Friday, September 23, 2005
Palmeiro doesn't have any wiggle room left
By Mark Kreidler Special to ESPN.com
There is a road less traveled here, and Raffy Palmeiro needs to go down it tomorrow, seeing as how yesterday is no longer available. Time to quit while the man is behind.
Time to pull a McGwire, in other words -- head off around the bend, disappear from sight, drop out of the news for a while. It isn't the most attractive ending to a career that conjured serious debates over its Hall of Fame merits only a few months ago, but look, sometimes the bleak departure is infinitely preferable to the bleaker other prospects available.
Rafael Palmeiro went so far as to need earplugs to block out the boos upon returning from his suspension.
This is it for Palmeiro. Once you've besmirched your own name in the game and been publicly identified as a player who might potentially roll on a teammate in a tight situation, there just isn't much maneuvering room left. The clubhouse is no longer your place.
Miguel Tejada may have done nothing more than given Palmeiro a syringe full of vitamin B-12 once upon a time, but as of today, Tejada is testing positive for toxic levels of Raffy association. You can imagine Tejada's horror: Just being seen in the same sentence with Palmeiro right now is enough to induce a cringe.
If the reports about Palmeiro are true -- that he vaguely mentioned Tejada and the B-12 shot while discussing his positive steroid test -- then he essentially hasn't done an honorable thing in connection with baseball's steroid case in months. But he can do the right thing now, and that means never returning to the Baltimore Orioles or any other Major League Baseball team.
It might even work to Palmeiro's advantage in the long run, though there can't be anybody on any side of the debate who is currently concerned about the man burnishing his image. But again, a page out of the McGwire Handbook is illustrative here.
Not long after shaking the baseball world to its foundations with his historic home run pursuits in the late 1990s, Mark McGwire essentially broke down physically. Carrying a massive bulk of muscles (a musculature now largely suspected to have been steroid-aided) on top of a mortal frame, McGwire simply couldn't handle his own load. He was so done, so limited physically, that Cardinals manager Tony La Russa actually found himself in the previously unthinkable situation of needing to pinch hit for the ineffective McGwire during the NL playoffs.
And that was it. McGwire called it quits and vanished. He politely declined interview requests. He didn't write a book. He didn't go on the selling/speaking circuit. He continued to quietly do some charity work, learned the game of golf and otherwise attempted as best he could to go from Paul Bunyan to Joe Nobody as quickly as possible.
But for a congressional subpoena this summer, McGwire might still be that very rich nobody. As it happened, he had no choice but to appear before the subcommittee investigating drug abuses in baseball alongside a raft of other current and former players. Alas, Big Mac came up small in that moment, his repeated refusals to answer questions related to steroids and other substances seeming to convict him more deeply from one instant to the next. It was a squirmer. (Footnote: McGwire then promptly dropped out of sight again, his only likely public sighting to come next week when St. Louis closes the door on Busch Stadium forever.)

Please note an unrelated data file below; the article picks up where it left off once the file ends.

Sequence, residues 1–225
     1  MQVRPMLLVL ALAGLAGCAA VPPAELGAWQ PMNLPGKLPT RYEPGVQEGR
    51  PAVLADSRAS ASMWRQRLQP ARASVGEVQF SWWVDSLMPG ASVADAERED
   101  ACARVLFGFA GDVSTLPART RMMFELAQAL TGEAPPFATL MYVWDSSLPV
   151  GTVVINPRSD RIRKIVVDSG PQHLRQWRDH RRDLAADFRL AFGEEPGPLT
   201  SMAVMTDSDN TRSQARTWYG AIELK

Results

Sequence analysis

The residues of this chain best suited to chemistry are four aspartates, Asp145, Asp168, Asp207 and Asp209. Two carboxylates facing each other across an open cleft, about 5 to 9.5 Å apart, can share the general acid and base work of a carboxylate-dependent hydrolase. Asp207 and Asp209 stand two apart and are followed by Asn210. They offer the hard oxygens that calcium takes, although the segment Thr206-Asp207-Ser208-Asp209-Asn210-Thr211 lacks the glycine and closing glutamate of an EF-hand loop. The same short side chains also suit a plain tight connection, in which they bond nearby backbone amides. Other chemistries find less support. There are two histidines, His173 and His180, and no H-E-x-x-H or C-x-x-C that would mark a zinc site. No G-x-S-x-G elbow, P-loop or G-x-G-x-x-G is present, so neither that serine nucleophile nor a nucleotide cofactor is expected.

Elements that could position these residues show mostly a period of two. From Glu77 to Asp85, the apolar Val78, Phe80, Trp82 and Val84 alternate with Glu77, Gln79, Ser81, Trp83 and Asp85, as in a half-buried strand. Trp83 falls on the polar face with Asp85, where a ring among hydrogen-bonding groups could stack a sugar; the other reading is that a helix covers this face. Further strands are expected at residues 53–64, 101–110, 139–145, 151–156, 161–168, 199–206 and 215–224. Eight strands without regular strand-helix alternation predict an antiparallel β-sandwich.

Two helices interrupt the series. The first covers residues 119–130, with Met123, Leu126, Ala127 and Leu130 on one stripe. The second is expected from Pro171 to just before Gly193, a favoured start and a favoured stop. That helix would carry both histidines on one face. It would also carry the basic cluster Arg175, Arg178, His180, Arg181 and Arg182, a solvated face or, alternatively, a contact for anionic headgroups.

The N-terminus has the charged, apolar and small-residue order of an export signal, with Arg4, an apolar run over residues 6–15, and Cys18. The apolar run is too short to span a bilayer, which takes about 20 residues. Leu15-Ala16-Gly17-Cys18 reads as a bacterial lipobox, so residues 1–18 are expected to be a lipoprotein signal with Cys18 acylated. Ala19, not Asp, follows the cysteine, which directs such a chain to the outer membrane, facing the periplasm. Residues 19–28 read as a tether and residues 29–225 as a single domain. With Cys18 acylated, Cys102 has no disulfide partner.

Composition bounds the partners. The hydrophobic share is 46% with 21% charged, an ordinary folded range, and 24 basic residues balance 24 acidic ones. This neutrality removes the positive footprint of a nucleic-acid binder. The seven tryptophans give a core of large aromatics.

For Rafael Palmeiro, his congressional moment already has come and gone. He played it like a pro, wagging a finger and essentially attempting to shame the elected officials for having the nerve to drag him into the proceeding, only to get popped later for the positive steroid test and wind up vilified from one end of planet baseball to the other. Now comes the news, first reported by the Baltimore Sun, that Palmeiro raised the B-12 shot as a possible explanation for his test result.
That's not the same as saying Palmeiro ratted out Tejada, and the people accusing him of that clearly haven't read the reports closely. But at this point, the perception is running a strong first against the reality, and the fact that Palmeiro raised the subject of the B-12 at all suddenly looms as damning (when, quite possibly, he was simply casting through any number of possible explanations that might get him off the hook).
So the Orioles' clubhouse is no place for Palmeiro -- but he doesn't have to go back there. Officially rehabbing injuries to his right knee and left ankle, Palmeiro has a perfect out there. No reason to poison the water.
And his congressional experience, humiliating as it now has become, is also virtually behind him. A source close to the House Government Reform Committee has told the Washington Post that the committee probably doesn't have enough evidence to charge Palmeiro with perjury for his March testimony. He's likely done on that front.
Nope, what will happen now, most likely, is that the committee will simply release the results of its investigation and let the public make up its own mind as to whether Palmeiro was telling the truth. It's not doing Palmeiro any favors there, but then Palmeiro doesn't necessarily have to be around to absorb the body blows.
He can, instead, take it underground -- and he should. It isn't to say Palmeiro won't decide otherwise; if the events of this season demonstrate anything, it's that whatever you thought about Palmeiro as a figure in baseball, his stubbornness and self-destructive tendencies are a revelation. At this point, that stands as part of the bad news.
Mark Kreidler is a columnist for the Sacramento Bee and a regular contributor to ESPN.com. He can be reached at firstname.lastname@example.org.